Originally posted on EVANNEX.
By Charles Morris
Many milestones will be passed during the journey to the coming world of electrically powered transportation. Another recently fell back in the rearview mirror as sales of plug-in cars surpassed sales of diesels in the European market.
Diesel cars have long been a mainstay of the car market in Europe (they have a much smaller market share in the US). A couple of decades ago, when concerns about carbon emissions began to emerge, German carmakers, instead of pursuing electrification, put their bets on diesel engines, which emit slightly less coal per year. Miles driven than gas cars. Today, after decades of fraud and few fines of a few billion dollars, it looks like Diesel Day is over.
About a year ago, automotive analyst JATO Dynamics reported that sales of electrified passenger cars (hybrids, plug-in hybrids and pure electric cars) had overtaken them on diesels for the first time ever. Now the next milestone has been passed – in August, plug-in vehicles (plug-in hybrids and pure electric cars) for the first time sold diesels in Europe with a share of 21% of the market compared to 20% for diesels.
In Europe as a whole, petrol-powered vehicles are still the best-selling category (56% of the market), although even in a few of the most advanced markets they are clearly in their final stages (in Norway in August, electrified vehicles, led by Tesla’s Model Y, reached a market share of 92%).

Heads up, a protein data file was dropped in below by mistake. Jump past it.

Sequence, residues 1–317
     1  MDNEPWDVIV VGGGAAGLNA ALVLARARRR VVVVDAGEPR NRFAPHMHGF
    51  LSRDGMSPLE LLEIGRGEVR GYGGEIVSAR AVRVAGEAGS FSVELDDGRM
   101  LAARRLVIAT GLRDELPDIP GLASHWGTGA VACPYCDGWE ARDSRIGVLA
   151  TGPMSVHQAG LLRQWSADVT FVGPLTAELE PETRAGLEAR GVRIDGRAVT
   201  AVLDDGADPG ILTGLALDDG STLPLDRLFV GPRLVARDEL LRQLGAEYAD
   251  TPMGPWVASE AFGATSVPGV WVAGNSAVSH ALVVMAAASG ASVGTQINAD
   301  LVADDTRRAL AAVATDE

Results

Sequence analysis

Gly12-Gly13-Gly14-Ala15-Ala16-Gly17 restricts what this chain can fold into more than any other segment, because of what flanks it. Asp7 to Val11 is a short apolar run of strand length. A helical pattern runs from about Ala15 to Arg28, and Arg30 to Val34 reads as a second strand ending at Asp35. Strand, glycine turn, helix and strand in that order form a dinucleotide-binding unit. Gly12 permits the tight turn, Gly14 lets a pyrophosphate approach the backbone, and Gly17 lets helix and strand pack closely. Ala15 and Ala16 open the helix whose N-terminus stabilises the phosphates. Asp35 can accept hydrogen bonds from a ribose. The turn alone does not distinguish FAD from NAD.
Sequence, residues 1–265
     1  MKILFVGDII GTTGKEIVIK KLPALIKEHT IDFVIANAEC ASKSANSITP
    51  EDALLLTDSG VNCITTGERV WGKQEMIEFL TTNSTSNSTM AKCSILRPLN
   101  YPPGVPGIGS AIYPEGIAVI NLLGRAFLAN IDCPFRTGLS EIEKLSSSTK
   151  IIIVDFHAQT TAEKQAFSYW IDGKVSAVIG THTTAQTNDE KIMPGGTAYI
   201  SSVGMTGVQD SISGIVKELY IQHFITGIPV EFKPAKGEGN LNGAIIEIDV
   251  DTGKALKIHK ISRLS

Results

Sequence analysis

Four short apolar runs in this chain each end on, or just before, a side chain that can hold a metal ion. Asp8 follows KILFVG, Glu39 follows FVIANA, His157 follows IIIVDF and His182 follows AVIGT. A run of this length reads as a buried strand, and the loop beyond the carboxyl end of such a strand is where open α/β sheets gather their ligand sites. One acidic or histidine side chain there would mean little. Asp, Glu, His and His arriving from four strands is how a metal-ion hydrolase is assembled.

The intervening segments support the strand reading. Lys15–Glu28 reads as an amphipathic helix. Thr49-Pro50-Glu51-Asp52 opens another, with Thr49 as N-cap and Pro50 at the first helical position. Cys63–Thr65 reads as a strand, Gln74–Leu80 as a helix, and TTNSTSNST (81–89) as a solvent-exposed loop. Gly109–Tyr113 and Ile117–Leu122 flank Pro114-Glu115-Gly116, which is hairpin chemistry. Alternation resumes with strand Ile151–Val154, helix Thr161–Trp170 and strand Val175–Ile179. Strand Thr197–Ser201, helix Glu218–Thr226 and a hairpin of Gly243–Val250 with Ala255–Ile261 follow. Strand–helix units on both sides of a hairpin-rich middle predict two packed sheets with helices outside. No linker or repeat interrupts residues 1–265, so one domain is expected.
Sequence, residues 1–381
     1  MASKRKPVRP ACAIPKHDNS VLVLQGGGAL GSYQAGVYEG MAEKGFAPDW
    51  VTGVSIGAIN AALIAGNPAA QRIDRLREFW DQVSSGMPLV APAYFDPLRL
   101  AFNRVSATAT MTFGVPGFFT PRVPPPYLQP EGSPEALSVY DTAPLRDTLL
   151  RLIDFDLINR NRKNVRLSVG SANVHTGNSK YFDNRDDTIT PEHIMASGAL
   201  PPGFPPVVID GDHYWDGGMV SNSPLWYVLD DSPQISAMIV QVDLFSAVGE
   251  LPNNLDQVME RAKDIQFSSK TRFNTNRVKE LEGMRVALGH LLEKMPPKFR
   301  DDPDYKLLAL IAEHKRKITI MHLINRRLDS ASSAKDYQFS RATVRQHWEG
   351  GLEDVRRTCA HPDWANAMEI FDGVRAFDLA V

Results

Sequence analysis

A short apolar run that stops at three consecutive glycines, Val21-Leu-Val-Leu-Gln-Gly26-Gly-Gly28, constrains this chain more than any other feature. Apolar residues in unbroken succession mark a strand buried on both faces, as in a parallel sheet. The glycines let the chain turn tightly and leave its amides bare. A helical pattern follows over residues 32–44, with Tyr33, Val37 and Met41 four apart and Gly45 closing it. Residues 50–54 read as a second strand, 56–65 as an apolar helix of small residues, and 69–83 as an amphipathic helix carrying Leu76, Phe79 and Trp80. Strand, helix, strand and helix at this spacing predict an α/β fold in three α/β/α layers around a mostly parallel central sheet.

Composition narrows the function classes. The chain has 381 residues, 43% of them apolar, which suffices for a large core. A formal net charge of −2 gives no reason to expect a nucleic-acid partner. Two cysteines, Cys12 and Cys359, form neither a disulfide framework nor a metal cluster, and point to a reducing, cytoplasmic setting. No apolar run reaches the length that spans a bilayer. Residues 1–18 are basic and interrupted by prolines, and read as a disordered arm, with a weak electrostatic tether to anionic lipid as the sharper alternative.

In August, electric cars and plug-in hybrids sold their diesel engines. This is the first time this is happening in Europe. We tell you why: https://t.co/KCERohLKI6 #EV #elbil #JATO pic.twitter.com/vO1XmRMbLB
– JATO Dynamics (@JATO_Dynamics) October 5, 2021
The overall car market has fallen sharply, mainly thanks to the ongoing supply chain crisis, but EV sales continue to grow. According to JATO figures, which include data from 26 European markets, the registration of new cars fell by 18% in August to the lowest volume for that month since 2014. However, plug-in car sales saw a 61% increase from year to year % in August.
“While supply and incentives have played a significant role in increasing demand, we have seen a fundamental shift in buying habits as more attractive models have entered the market and consumers have become aware of the benefits associated with electric cars. “says Felipe Munoz, Global Analyst. at JATO Dynamics.
Europe’s best-selling clean electric car in August was the Volkswagen ID.3, which sold 7,904 units to beat the Tesla Model 3 with a whisk (7,824 units). Tesla Model Y came out of the gate like a thoroughbred – during its first month on the European market, it sold 3,478 units to occupy number 8 among electric cars. Deliveries of German-built Model Ys produced at the new Berlin Gigafactory are expected to begin in December.
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